"There will be light winds and dry, stable weather conditions - good for spraying, I'm told," Ms Winstanley said.
"But with a high pressure ridge comes an increased risk of frosts."
Ms Winstanley said with overnight minimum temperatures predicted to be between two and five degrees Celsius across the Wheatbelt this week until today, it was likely some areas would experience frosts.
At Marchagee, in the Mid West region, Michael O'Callaghan said his cereal crops were "looking brilliant" after a further 30mm last Thursday into Friday, but lupins and canola growth was slow.
"We had 30mm last week - on July 5 - which took our total rainfall since the opening break on June 7 to 112mm and we're pouring the nitrogen on now," Mr O'Callaghan said.
"But prior to the opening break we had only had 10mm for the year," he said.
"We haven't had as much (rain) as some others and we've got no trouble getting onto paddocks here - if anyone walked into the pub and said they'd got bogged I'd say they were bragging.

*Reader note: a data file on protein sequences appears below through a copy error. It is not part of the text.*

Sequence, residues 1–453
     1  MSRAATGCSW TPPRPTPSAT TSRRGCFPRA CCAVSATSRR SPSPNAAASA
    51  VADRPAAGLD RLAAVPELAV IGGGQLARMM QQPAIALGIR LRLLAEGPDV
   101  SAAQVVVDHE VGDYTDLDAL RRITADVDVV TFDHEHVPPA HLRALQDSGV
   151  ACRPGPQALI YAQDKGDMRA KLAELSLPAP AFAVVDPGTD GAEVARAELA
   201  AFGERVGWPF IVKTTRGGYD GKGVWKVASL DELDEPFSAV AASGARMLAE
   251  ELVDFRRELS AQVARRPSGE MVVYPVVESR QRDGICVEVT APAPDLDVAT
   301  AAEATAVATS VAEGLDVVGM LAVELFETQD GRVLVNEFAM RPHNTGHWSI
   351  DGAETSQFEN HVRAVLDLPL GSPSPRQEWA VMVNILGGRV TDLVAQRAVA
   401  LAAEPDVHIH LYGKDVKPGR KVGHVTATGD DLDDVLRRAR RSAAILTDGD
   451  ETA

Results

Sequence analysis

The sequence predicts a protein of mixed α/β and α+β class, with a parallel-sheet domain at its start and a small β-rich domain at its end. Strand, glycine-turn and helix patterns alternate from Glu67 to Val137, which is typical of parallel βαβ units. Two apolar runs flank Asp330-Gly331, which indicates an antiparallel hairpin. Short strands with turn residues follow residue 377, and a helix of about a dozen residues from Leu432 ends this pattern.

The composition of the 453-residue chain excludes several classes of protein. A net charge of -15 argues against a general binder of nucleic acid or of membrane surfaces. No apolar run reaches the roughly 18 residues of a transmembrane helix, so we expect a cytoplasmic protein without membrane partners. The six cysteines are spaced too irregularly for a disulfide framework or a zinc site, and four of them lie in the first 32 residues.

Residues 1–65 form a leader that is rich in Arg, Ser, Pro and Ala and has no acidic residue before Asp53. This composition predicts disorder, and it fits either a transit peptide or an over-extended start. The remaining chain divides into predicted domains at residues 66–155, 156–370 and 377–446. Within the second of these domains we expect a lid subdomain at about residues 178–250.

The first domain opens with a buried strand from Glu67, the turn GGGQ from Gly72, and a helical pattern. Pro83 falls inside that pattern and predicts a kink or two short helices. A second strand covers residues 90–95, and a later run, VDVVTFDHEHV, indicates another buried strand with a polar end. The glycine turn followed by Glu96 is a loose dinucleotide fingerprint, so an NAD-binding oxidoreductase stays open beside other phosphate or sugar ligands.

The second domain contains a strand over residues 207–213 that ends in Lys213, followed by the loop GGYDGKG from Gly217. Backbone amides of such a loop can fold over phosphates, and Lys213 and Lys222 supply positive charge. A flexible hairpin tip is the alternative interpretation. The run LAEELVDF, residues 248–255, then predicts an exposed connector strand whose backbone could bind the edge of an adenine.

"The cereals are looking brilliant - wheat and barley are very good - but lupins and canola are looking quite poor.
"I was looking through some photos the other day and in 2016 our canola was a metre to one and a half metres high by this time.
"At the moment it's only two to three centimetres (high) - it's bloody slow, it doesn't like the conditions."
Mr O'Callaghan said the growing season was running about four weeks later than ideal and about two weeks later then he would have preferred from a late start.
He said no further local rain was predicted in the long range forecast for the remainder of this month, but August was "looking pretty good".
"I'm predicting we'll get 80mm in August - somebody has to," he joked.
"The crops on the good clay soils will handle that (rainfall) gap this month no problem, but those on the poorer sand will be looking for some more moisture in two to three weeks.
"We've got both soil types on the farm here," Mr O'Callaghan said.